I also prepared nine pocket size blank sketch/notebooks to include in Signal's annual xmas craft fair. The photo below shows them before using the Japanese stab binding technique. Three have leather covers, three have vinyl covers, and three have acrylic sponge covers. Earlier in the residency I had also made a number of "handbag" books using this binding technique. Several years ago I blogged full instructions to make this type of book, which can be found here.

Once I had all the lino prints done, I wanted to make use of the press during the last couple of days of my residency. I had some oils and one of the carborundum plates I had created during a printmaking workshop I attended in September. I blogged about that workshop here.

As I was cleaning up and clearing out the studio, one of the final "clean" things I wanted to do was cut and create the covers for the series of lino prints I now realised I would not bind until the new year, but I at least wanted to get them made. I always get nervous about measuring and cutting (it's so final!) so I took it pretty slow.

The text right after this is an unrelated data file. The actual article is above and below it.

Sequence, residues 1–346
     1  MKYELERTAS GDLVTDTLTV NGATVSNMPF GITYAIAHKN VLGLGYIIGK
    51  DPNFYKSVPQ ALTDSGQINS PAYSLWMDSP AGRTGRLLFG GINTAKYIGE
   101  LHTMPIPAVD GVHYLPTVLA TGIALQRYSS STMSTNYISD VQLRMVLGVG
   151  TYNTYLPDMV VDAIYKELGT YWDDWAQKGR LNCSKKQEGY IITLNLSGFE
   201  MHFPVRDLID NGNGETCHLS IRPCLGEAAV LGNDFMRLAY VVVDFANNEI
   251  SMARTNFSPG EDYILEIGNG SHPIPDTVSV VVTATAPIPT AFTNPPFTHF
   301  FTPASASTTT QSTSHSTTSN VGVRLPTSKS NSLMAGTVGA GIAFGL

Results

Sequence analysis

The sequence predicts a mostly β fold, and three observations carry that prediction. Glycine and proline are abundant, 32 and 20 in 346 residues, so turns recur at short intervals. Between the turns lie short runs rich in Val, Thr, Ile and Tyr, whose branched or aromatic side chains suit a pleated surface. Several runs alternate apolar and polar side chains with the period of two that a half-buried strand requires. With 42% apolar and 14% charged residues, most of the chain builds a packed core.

The covers are made of a heavy duty, 100% acid-free blotting paper, and will fold around the print series, bound together using the simple Japanese stab binding technique. The portfolio of prints will be in an edition of three.

On my second last day of the studio, I decided to create a monoprint. Using undiluted alkyd paints on a square acetate plate, I painted the familiar figure. Unfortunately I did not blot my paper dry enough, and it ripped in the press. Rather than daunt me, it just made me realise a few things for next time, as I want to work more with that image.

This is the studio shortly before I moved out: almost everything off the walls, and a lot of work brought home already. On the table near the window, prints are being weighed down to flatten. After a final tidy, I said goodbye to an inspiring workspace and returned the key.

Wednesday, 11 December 2019

Chrismas Craft Fair

The annual Christmas Craft Fair at Signal Arts Centre opened on Mon Dec 10 and will be open 10-5 daily (including Sundays) until xmas eve. The first thing one can't help but notice on entering the gallery is the beautiful aroma of handmade soaps and potpourri.

The galley has been transformed into a lovely craft shop and one is enticed to browse.

There is a great mix of handcrafts - ceramics, cushions, handmade notebooks, xmas decorations, tea cosies, hand decorated t-shirts, felted scarves, stuffed toys, handmade cards - the list goes on!